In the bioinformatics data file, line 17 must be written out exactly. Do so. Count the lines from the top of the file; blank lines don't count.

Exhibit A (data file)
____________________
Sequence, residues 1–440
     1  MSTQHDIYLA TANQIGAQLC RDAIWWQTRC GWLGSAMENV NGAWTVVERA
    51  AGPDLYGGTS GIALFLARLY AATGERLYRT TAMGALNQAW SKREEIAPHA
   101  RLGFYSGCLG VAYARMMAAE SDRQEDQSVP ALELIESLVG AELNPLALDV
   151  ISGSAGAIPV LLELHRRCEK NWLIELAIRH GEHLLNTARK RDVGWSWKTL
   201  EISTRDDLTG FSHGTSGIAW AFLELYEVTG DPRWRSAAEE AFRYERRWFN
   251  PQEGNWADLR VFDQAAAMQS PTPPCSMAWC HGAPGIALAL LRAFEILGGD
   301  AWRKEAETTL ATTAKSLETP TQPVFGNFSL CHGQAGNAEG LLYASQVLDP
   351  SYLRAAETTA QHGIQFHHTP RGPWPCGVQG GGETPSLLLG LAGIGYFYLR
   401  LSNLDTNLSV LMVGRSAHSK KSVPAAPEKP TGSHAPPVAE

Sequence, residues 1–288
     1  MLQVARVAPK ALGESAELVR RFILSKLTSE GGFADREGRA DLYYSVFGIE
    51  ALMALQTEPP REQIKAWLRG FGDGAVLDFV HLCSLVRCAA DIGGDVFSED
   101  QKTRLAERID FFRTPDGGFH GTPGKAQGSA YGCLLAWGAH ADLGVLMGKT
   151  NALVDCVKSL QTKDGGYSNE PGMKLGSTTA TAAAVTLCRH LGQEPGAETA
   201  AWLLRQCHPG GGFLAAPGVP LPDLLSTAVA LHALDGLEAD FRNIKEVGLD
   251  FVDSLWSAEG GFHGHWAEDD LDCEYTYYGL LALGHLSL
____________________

   251  FVDSLWSAEG GFHGHWAEDD LDCEYTYYGL LALGHLSL